While media reports of late do occasionally note that the nascent troop surge in Afghanistan is widely expected to increase violence, few have considered the likely reaction of the Afghan population. Reactions in Wardak province, something of a test case for the surge, appear quite strong, and decidedly negative. Anand Gopal reports from Wardak:
Mini-surge to test out US strategy in Afghanistan
By Anand Gopal - Correspondent of The Christian Science Monitor
MAYDAN SHAHR, Afghanistan, Feb 18 - The 3,000 new American troops who arrived in recent weeks in Logar and Wardak provinces, both of which border Kabul, face a formidable challenge: establishing control in areas with little government presence and where insurgents operate freely.
In Band-e-chak, for example, a district capital in Wardak, gun-toting Taliban fighters regularly come into town on their motorbikes to do some shopping. They buy their produce and go home, driving past government offices unmolested...
One other Wardak district even lacks a Kabul-appointed governor, leaving only the Taliban administration...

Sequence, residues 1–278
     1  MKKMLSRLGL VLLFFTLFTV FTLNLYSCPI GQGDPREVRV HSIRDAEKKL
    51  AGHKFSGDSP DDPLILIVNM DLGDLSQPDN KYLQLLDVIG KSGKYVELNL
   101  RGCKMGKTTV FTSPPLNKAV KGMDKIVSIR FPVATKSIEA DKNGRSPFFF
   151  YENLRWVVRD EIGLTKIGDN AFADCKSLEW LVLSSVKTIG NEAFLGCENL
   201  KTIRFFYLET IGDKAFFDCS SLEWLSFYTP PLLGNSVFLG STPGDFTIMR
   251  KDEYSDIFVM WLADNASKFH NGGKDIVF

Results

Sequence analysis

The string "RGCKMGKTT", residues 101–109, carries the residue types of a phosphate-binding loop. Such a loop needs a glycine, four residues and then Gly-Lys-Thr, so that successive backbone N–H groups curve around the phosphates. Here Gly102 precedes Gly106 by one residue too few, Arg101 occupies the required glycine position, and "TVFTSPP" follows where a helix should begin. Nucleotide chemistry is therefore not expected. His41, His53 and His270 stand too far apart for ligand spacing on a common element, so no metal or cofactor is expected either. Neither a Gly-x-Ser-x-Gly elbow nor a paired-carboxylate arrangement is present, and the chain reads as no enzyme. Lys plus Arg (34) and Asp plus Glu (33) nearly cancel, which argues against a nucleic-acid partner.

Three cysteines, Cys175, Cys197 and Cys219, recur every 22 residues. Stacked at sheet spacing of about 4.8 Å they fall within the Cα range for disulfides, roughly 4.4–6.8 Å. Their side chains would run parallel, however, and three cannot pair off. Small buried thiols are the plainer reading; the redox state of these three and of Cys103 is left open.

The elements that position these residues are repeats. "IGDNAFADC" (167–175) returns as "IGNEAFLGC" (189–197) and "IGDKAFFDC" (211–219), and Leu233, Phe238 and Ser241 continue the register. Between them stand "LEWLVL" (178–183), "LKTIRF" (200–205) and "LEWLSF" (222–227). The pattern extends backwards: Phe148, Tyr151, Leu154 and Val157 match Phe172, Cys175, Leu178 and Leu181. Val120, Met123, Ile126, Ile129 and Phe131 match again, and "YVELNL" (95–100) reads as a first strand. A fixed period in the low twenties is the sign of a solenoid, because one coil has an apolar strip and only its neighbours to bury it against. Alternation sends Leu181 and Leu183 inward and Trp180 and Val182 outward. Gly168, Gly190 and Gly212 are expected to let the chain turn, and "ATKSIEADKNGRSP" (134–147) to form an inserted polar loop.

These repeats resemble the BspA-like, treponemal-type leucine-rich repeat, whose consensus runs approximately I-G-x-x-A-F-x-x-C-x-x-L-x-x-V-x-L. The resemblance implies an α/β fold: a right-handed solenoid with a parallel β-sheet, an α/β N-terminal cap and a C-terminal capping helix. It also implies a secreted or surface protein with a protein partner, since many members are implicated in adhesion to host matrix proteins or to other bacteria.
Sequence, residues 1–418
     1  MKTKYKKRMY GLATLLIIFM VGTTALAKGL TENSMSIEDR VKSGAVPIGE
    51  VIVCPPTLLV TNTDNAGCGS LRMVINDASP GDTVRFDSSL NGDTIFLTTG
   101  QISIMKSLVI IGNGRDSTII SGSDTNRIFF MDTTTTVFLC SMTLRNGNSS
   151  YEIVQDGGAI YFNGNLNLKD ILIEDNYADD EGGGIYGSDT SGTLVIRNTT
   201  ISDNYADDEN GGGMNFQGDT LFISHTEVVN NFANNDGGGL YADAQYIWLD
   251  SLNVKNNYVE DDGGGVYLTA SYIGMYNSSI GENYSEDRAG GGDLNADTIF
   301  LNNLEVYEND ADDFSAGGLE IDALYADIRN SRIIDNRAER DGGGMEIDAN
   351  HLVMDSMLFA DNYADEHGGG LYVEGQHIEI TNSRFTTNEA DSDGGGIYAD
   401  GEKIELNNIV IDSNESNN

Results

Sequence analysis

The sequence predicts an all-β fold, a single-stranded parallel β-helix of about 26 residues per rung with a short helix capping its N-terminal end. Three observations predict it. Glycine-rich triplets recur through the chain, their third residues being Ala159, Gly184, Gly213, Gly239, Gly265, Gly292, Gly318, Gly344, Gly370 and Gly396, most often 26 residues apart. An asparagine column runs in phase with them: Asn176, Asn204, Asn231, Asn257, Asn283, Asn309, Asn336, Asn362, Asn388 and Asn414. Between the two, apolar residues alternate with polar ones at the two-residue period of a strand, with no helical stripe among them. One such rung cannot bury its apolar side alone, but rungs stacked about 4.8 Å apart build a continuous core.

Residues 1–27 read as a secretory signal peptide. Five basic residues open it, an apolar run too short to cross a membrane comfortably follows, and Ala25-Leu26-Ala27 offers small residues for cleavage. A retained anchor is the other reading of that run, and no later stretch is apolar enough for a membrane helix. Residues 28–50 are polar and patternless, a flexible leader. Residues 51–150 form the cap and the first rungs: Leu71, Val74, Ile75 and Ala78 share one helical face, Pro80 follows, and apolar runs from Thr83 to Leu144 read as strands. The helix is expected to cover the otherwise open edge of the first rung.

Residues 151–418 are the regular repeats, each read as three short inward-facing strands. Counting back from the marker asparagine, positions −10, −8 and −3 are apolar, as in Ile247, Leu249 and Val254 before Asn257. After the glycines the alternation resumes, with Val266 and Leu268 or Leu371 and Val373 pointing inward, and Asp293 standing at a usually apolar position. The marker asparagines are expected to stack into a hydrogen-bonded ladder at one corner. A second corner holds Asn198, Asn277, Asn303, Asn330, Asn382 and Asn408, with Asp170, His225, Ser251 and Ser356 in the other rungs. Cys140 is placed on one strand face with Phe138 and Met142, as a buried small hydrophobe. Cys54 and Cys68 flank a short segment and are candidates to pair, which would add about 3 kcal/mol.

Here in Wardak, the rebel group Hizb-i-Islami controls two districts and the Taliban four. Hizb-i-Islami was a leading guerrilla force that fought against the Soviet invasion in the 1980s and maintains ties from that time.
The rebels' ranks here are drawn mostly from the local population, unlike some other provinces where the Taliban imports fighters...
A group of tribes here, which locals call the Maidani, has historically supported Hizb-i-Islami and contributes fighters to its ranks. Other tribes have allegiances with the Taliban and still others support the Afghan government.
Washington's biggest challenge, however, may be winning the support of a local population that is wary of American troops. "I had a meeting with my constituents," says Roshanak Wardak, a member of parliament from Wardak Province. "They were completely, 100 percent against the arrival of foreign troops."
"People are worried that the injection of more troops will bring more civilian casualties," says Muhammad Hazrat Janan, a member of Wardak's provincial council.
"We don't want more fighting here," says Najibullah, a taxi driver. "When the Americans come, the Taliban attacks us." The others in his car nod in agreement... (link)